Monday, December 11, 2006

My Discussions with Nature

It all started in my room. I wanted to discover my own nature. I had heard from somewhere that it would help me discover the universe. Why did I want to discover the universe? Well, if I knew my true nature, I’d know the a answer to that question, I thought. So I set out on a journey to explore my nature.

How could I explore something I didn’t know? I had no idea. I thought the best thing to do would be to start exploring anything in my mind, till I settled on what was my nature. Perhaps it was to be a pattern in the way I think. Perhaps my nature was to keep searching for it. But that would be a contradiction. If I ever found that to be my nature, then it would no longer be my nature. Since I would stop searching for something I had already found. Yet, perhaps the very fact that I consider the possibility a contradiction makes that my true nature.

I decided to talk to nature. Maybe some part of nature would step out and cry, “Hey, I’m yours! Yeah, that’s right. Your nature!” Besides all search and research starts from nature. Why does it always start from nature? But then, what is beyond nature? Could one start a search outside nature? How does one do that? Whatever I could think of, or imagine, would still consist of some fundamental units which are derived from nature. Even contradicting nature itself takes nature as a base, and then tries to oppose it. Anyways, I could not find any other possibility, perhaps due to my nature. So I resigned myself to starting my search for my nature by talking to nature.
The tree was the first I thought of. Why a tree? Because it was standing in front of me and teasing me as I stared into the wild. It was saying, “You, who always walk past me, and treat me like I mean nothing. You wish to talk to nature?” I thought back to the last time I had entered this patch of green, and how I was lost in thought when I pranced across. I asked, “Did you feel ignored?” The tree shook a bit, and replied, “Do you think I have nothing better to do than pass moral judgments on people who walk across me?”

The tree sounded confused, I thought. But then, why did the tree speak to me today, and not greet me on the other day? I would have responded with a big smile on my face. I asked.
“Smile? Oh, no. You would have wondered who was calling you. You would have looked about you, and not cared to give a thought to this little tree here, reaching out as far as it could. Struggling to make its presence felt.”

“Do you also need to feel touch? To feel another skin against yours?” I asked, realizing for the first time that I had failed to notice it.

“May I remind you, dear, that I can’t even reach my neighbour, despite him being in sight throughout? You’re my only hope to reach out to something new, to acknowledge and nature beyond my own, through a sense of perception. Do I have eyes? Mouth? Tongue? Ears? My only means of interacting is touch. It means everything to me.”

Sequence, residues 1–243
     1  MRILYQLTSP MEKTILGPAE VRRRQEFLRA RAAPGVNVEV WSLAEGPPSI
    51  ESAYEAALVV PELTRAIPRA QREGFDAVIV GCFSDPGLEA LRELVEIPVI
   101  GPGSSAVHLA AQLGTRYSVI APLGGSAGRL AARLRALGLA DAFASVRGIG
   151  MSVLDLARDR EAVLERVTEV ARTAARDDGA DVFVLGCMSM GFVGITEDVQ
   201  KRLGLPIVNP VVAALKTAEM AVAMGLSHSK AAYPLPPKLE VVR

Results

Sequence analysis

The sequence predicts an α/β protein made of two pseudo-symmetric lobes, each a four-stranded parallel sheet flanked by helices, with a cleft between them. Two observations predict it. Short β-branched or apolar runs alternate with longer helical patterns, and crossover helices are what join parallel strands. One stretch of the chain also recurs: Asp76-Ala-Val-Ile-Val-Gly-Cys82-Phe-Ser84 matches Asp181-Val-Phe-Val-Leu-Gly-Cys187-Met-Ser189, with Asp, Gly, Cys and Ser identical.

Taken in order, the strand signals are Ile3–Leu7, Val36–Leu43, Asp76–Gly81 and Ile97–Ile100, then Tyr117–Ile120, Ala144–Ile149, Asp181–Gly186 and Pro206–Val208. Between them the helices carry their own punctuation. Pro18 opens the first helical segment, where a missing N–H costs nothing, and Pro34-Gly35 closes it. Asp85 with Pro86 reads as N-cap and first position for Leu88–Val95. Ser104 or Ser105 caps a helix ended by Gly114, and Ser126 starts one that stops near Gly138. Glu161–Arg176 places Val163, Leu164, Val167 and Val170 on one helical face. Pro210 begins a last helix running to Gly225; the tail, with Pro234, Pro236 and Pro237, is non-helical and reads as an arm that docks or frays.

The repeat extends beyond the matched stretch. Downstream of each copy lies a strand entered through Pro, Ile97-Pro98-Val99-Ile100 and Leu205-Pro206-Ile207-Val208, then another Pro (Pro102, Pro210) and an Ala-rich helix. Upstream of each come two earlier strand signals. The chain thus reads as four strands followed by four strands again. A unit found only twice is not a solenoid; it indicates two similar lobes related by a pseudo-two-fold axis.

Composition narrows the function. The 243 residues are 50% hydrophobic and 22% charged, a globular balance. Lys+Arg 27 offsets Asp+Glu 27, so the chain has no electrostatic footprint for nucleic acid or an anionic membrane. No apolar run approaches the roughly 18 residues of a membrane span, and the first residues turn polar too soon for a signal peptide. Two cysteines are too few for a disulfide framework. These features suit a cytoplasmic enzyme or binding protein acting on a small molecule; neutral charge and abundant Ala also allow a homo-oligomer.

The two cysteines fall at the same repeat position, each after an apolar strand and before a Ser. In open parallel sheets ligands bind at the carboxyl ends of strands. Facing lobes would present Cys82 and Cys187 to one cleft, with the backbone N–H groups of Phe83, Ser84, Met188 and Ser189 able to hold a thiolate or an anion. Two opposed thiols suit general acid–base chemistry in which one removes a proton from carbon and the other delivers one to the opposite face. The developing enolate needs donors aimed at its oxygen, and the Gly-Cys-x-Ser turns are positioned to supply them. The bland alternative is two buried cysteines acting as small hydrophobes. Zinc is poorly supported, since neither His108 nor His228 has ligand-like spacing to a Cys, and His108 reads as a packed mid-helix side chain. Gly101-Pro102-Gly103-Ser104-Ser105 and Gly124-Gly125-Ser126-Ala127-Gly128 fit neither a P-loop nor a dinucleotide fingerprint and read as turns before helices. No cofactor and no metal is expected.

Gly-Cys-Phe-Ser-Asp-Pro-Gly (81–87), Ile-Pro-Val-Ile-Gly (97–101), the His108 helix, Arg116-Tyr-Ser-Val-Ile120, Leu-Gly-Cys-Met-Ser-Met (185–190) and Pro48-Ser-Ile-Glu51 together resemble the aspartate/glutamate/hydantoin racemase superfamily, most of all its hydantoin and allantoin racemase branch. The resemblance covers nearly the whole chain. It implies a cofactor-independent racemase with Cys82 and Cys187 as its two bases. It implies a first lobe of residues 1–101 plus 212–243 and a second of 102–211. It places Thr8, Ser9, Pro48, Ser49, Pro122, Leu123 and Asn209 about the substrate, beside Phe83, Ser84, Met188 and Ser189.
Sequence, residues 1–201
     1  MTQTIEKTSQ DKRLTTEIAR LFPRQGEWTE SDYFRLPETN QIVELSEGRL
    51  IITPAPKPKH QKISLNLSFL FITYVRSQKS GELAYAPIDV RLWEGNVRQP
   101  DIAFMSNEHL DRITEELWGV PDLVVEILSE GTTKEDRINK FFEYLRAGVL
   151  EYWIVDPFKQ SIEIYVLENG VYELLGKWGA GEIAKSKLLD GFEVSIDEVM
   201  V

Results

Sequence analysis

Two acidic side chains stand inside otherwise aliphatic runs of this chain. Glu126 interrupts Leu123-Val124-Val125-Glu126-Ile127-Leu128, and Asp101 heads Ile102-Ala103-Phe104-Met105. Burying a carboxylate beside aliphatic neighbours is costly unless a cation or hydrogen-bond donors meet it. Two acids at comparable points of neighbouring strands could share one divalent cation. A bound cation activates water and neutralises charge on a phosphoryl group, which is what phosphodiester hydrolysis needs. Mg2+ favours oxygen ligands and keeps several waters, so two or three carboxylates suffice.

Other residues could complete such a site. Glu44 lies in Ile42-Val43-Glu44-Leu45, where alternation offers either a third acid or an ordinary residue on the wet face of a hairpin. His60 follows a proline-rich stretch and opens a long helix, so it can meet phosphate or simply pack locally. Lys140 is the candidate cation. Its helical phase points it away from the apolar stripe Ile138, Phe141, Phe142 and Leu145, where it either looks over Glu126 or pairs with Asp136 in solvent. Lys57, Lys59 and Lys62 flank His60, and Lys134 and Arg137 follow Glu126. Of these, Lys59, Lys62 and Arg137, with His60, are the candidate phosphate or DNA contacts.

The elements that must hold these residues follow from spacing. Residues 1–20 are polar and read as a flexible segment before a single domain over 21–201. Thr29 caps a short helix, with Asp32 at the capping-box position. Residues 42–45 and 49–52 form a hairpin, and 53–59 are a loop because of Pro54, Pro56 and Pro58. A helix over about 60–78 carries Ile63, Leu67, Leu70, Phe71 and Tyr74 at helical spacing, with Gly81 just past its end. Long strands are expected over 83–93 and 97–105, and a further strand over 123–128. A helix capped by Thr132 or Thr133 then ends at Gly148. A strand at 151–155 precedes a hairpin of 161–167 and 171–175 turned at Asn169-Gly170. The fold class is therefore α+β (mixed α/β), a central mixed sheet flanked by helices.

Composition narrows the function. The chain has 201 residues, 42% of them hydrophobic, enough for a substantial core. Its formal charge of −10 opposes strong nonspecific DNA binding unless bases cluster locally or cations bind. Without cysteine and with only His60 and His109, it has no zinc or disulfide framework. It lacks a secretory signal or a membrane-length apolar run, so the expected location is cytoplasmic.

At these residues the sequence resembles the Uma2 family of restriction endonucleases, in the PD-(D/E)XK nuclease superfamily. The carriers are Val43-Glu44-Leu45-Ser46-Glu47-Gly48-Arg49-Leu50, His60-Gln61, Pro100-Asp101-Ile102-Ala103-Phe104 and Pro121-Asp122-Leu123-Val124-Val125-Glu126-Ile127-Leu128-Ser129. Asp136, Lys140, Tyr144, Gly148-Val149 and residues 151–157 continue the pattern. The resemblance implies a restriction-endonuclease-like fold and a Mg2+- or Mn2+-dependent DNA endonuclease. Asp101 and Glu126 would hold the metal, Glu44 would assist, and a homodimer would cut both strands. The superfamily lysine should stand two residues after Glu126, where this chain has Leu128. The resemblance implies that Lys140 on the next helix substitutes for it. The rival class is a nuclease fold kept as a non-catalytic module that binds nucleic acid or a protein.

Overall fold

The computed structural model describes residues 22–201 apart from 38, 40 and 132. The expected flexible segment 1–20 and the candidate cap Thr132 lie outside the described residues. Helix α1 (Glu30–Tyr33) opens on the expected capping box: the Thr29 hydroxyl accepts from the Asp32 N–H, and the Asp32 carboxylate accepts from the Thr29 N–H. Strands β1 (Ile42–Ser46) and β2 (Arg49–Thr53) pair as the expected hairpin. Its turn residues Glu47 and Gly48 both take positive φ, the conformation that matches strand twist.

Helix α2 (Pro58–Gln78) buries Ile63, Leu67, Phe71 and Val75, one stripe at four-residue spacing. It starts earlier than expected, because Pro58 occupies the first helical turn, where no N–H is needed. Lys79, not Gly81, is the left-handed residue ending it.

Feeling sorry for what I had been to the tree, I hugged it tight. “Does that feel better?” I asked.

“Thank you. I really needed that. I owe you for making me feel significant. I don’t know any way I can explain what it means to me. “

“No, you don’t owe me anything. You’ve made me see something I never thought I’d see.”

There I was, noticing that I started on a hunt to find something that was mine, and had learnt that everything was mine, if I gave it attention. I had learnt that nature was not distinct from my nature. It was to enhance my own nature. I was not distinct from nature, but a part of it. Whatever value I chose to share with nature, it would share back with me.

Then I had a doubt, so I asked the tree, “When I eat your fruits, and chop off wood from you to make paper, does it hurt you?”

“Do you have a choice? If I told you it hurt, would you stop?”

I was a little worried, but said, “I would certainly try.”

The tree laughed, and said, “I scared you didn’t I? Well, you should have thought of it before you asked! Anyways, to answer your question, let me tell you that we don’t have volition. You do. But we are born with a very specific purpose, which is to transfer the sun’s energy to a form which can be used by other beings. The only volition that we have, is to evolve. Some of us have chosen to evolve forms of protection, but it only extends their lifetime by a short duration, and makes them lose some forms of beauty. Those of us who were willing to pay this price for the beauty we possess, have chosen to remain this way. That is the only choice we are capable of exercising. Those of us who exercised their choice too much, ended up in a situation where they could no longer address their purpose of life, and got eliminated in the process. We, the plants and trees, are unable to express forms of volition such as emotions. We rely on beings like you to provide that, since you have the capability of exercising your volition in our favour. “

I thought deeply on this. “When Newton came up with the theory on gravity, had the apple tree expressed his creativity through Newton?” I asked innocently.

The tree chuckled, “I have no idea! We know as much about our ancestors as you do!”

I lay down leaning against the tree, thanking it for the shade it provided me from the sun. I hadn’t stopped thinking, but I had started to feel sleepy.